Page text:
“What will racial reconciliation in the church in the US look like?”

The questioner was a student at Duke Divinity School around 2005. The scene was a large auditorium-style classroom, and the course was Preaching, a staple of the MDiv program I was in at the time. The professor up front was William “Bill” Turner, a Black Baptist pastor-theologian. He was beloved by the many mainline students who discovered him at Duke almost as much as he was by the Black Baptist ones who came to the school in part because he was there.

In response to the question, Turner looked straight at the student and said, “One thing it will look like is whites being willing to sit under Black preaching. You don’t see that very often.”

His answer, emblazoned on my mind, has been a challenge and goad to my wife and me across the years. The invitation to submission is a convicting one for white Christians like me. I have to ask myself, Would I sit and be taught the Word of God under the authority of a Black pastor?

Of course I would, the answer surges up within me. After all, I’m not a racist.

I suspect this kind of response is one many other white Christians share. But my question isn’t abstract or “in principle.” As Dostoevsky writes in The Brothers Karamazov, love in dreams is easy compared to love in reality.

If I frame the issue much more concretely, then, I have to ask, Would I find myself listening to Black preaching most Sundays for any appreciable stretch of time?

Even after leaving Duke Divinity, my own answer to that question would most often have been no. But several years ago, that changed.

My family and I had recently relocated to Austin and moved into an east-side neighborhood full of historic Black churches. In that space, my wife and I felt the tug of Turner’s words. But we weren’t swift to put ourselves under Black preaching. My wife is Anglican, so we’d resolved first to connect with the local Anglican congregation we’d previously attended when in town for holidays.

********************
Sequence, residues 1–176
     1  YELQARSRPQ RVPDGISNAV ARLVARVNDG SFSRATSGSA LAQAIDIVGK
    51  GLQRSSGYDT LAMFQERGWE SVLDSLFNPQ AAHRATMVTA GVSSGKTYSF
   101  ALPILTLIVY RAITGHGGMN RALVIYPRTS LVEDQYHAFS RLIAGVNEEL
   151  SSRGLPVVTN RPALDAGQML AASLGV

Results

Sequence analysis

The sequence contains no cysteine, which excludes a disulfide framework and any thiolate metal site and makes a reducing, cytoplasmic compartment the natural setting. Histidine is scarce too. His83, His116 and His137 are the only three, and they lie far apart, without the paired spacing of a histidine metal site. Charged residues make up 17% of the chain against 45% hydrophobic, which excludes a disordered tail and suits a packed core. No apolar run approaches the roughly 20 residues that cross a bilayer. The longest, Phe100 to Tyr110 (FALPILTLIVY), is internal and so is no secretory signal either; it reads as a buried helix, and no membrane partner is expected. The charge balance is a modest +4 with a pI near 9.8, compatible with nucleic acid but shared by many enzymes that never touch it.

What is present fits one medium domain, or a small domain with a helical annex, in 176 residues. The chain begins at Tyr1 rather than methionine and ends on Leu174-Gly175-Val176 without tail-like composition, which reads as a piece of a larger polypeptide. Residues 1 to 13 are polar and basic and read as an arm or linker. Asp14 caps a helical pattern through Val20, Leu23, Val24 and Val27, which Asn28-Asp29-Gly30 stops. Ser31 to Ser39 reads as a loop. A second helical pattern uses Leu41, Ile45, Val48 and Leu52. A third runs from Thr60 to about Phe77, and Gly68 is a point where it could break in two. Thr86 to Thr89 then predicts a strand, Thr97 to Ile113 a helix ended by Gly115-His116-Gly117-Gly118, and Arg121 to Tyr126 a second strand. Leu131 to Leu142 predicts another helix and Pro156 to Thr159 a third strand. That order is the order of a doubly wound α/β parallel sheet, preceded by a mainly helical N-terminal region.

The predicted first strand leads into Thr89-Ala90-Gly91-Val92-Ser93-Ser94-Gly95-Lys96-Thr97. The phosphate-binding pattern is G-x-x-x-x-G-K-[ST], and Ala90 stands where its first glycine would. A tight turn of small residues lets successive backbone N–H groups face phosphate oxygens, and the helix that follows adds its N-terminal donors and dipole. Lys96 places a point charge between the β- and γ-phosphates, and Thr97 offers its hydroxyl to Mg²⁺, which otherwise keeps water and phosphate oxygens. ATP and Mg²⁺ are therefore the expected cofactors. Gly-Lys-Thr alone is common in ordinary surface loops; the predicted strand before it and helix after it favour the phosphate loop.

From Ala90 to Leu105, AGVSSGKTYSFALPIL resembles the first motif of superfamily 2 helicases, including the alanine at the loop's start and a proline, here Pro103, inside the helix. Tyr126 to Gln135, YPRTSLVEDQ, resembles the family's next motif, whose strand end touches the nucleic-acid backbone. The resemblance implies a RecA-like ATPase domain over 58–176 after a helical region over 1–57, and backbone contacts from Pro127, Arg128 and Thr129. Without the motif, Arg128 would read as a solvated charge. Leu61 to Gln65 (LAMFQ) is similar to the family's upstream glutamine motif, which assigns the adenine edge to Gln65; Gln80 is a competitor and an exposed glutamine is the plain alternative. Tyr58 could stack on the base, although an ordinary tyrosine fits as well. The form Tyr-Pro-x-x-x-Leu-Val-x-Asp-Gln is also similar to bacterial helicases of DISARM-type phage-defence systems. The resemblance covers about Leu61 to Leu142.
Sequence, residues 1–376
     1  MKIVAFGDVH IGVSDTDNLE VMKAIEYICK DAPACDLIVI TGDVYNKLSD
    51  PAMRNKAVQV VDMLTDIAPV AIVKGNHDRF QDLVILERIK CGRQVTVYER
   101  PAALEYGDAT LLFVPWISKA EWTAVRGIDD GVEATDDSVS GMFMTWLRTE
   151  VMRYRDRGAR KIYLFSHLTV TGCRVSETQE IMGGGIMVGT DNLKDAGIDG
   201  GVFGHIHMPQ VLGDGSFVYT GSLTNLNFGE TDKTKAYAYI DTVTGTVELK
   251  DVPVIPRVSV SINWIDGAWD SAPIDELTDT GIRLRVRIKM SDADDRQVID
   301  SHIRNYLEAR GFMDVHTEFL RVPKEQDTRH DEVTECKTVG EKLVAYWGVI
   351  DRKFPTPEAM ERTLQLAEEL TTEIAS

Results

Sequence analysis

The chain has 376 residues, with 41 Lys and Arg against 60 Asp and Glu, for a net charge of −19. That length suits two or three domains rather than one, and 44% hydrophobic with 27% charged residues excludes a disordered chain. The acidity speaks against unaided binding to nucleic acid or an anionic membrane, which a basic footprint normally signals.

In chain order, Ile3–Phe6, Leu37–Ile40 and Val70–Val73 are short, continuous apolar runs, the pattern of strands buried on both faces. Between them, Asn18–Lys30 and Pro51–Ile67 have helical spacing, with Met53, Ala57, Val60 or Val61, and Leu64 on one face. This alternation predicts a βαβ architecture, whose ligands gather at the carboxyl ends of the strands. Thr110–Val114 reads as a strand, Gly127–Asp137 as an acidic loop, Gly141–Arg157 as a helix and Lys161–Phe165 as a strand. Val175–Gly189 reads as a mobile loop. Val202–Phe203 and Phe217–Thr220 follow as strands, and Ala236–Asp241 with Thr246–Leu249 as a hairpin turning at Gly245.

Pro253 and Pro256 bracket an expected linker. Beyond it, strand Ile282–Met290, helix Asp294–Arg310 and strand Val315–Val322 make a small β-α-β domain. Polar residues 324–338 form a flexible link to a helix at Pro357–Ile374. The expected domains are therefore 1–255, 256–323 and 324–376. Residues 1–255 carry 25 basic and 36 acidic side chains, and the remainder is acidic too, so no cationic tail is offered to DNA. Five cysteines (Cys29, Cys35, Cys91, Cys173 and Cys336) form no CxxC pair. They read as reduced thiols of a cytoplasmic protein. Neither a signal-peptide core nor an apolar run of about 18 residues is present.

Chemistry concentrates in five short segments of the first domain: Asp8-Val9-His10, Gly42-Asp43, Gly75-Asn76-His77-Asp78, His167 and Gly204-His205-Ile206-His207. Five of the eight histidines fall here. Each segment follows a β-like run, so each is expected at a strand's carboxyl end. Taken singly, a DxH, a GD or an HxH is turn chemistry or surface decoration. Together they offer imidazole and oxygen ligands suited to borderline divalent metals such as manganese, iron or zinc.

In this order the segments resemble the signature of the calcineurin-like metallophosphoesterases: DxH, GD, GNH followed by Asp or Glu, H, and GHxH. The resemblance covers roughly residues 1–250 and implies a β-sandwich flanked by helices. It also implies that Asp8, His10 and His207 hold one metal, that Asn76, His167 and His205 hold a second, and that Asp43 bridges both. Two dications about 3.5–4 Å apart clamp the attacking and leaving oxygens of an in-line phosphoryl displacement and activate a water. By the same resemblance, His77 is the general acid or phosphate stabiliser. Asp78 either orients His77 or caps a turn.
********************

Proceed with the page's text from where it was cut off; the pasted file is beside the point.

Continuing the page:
Still, we talked a lot about Turner’s witness and the Black churches near us. And then one Sunday morning, after the Spirit moved my wife, she and I along with our three kids attended worship at Simpson United Methodist Church, a Black congregation founded in 1880.

At Simpson, love is not abstract or in principle. Anyone who comes through the front doors will hear the expression “Love you for real!”—a refrain modeled by the pastor, Robert Waddle. When we arrived, they welcomed us and brought us into their midst. We stood and sang. We sat in the love-worn wood pews and listened to a sermon by Waddle, a wise, generous, and larger-than-life man energized to share the gospel.

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After our first visit, we started going once a month. I guest preached here and there and met individually with Waddle, and then a few months in, he invited me to come on staff as a part-time pastor.

I had never anticipated the chance to serve a Black congregation. I needed to pray, I told him. I needed to think through my significant misgivings. What business did I, a white man with a lot of privilege in his life, have standing in a place of authority in a Black congregation?

White Christians in America have historically been very happy to preach to Blacks and to exercise all manner of authority over them. No, Turner had said that racial reconciliation involved whites being willing to submit to Black authority. I heard his words echo in my head, I felt the Holy Spirit tugging me forward, and I knew: This was my chance to do exactly that.

While serving under Waddle’s leadership at Simpson, I came to two important convictions. First, I had been ignorant for too long of a community living alongside me in my hometown.

In his book The Christian Imagination: Theology and the Origins of Race, Willie James Jennings tells a story about his childhood encounter with two white missionaries. They came from the white congregation a couple hundred yards down the street, walked into the garden where Jennings was playing, and then introduced themselves to his mother. One of them went on to explain at great length about their church, their programs for children, and the good things they wanted to do for the neighborhood.